This event brings me a new understanding of how shows could be made. Everything happens in one scene: a container. All the background and stories are conveyed to the audience by the talks among characters. At the end of the show, I realized that the audience, photographers, and actors are all in this container. The audience could watch the actors’ performances in person, and I couldn’t help thinking about how cool that could be!
Adapted from Franz Kafka’s novella, the story tells the tale of how a salesman is transformed into an insect, and how his families change their attitudes towards him before and after the transform. One word I could use to describe this show is delicate. There are only a few simple props and scene sets on the stage, and it is tough to show the transition from a man to an insect. However, the excellent Japanese actors used their exaggerated facial expressions and body movements to convince the audience and bring the audience into this story. The man who played the salesman is really a great artist.
I’ve watched several versions of The Nutcracker, but the one presented by the Royal ballet from the British is the best one I’ve seen. I love how fancy the scenes are set, and each detail of the props and the costumes are perfect. The skills of the ballet dancers are startling. My favorite scene is when the prince takes Marie to the Candy Kingdom, all the toys start dancing to welcome them. All these toys are alive, and many of them are exotic. Chinese tea, hot chocolate, coffee from Arabia, candy canes and mother ginger, and etc. The solos and duets are definitely eye-catching. As this is the last event of this semester, I chose the same types of art as the first event of the semester to make a sweet end.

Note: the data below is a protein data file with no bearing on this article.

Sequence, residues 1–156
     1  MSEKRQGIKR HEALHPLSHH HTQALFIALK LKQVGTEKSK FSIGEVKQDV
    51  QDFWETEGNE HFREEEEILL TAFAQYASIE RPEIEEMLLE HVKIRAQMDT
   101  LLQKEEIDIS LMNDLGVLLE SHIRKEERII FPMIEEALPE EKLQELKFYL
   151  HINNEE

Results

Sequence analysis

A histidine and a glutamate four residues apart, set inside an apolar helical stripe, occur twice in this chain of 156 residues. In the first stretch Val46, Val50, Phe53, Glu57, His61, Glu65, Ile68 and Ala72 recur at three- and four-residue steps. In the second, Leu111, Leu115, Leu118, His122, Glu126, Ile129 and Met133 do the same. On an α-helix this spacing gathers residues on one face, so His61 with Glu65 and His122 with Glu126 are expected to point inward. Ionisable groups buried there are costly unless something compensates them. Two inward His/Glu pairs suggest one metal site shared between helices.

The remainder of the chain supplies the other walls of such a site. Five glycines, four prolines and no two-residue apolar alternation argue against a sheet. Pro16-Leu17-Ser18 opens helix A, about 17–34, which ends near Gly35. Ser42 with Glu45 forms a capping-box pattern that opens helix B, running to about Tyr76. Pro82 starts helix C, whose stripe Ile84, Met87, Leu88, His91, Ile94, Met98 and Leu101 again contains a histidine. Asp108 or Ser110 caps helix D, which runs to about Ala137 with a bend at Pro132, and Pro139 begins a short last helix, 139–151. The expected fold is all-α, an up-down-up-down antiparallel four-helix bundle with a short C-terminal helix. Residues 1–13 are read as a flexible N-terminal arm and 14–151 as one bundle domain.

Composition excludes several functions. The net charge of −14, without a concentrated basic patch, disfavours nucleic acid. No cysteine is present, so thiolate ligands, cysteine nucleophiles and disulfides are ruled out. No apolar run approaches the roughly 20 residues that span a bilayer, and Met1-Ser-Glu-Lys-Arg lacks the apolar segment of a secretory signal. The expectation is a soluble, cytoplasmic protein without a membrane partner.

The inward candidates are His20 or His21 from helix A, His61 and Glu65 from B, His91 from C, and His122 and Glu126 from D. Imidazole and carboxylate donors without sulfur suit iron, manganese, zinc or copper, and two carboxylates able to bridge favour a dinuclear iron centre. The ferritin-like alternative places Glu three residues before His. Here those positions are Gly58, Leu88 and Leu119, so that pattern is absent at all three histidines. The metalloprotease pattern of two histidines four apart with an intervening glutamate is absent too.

Time flies. It feels incredible that another semester is about to end. Although lots of unexpected things happened, it was still a great semester overall. And FAA 110 was one of the main factors that made this semester “great”. I remember I registered this course simply for a general education course. However, this is such a great course that brought me much more than just having a few credits.
Hello and thank you for coming back once again! Not being able to visit the theaters in person hasn’t kept us from continuing our theatrical exploration! Using UIUC’s digital theater, I was able to enjoy Steven Berkoff’s Metamorphosis, an adaptation of a Franz Kafka novella. In this production a young man finds himself transformed into a repulsive, human-sized bug as he’s forced to suffer in a dark, cramped room for the rest of his existence.
The set and props were incredibly simple, with only three stools and and a raised platform with climbing bars perched to it. Although the set was incredibly minimalistic, the use of lighting, slow-motion, etc., allowed the scenes to flow properly and conveyed the passing of time. The actor who played Gregor, the man-bug, really astonished me in his performance. The entire production hinged on having an amazing performer be Gregor as his voice is so critical to the entire mood and tension of the show. All of this is not to mention that as well as giving a dazzling performance, we all know he got an even better leg workout while he was cramped up as a dung beetle!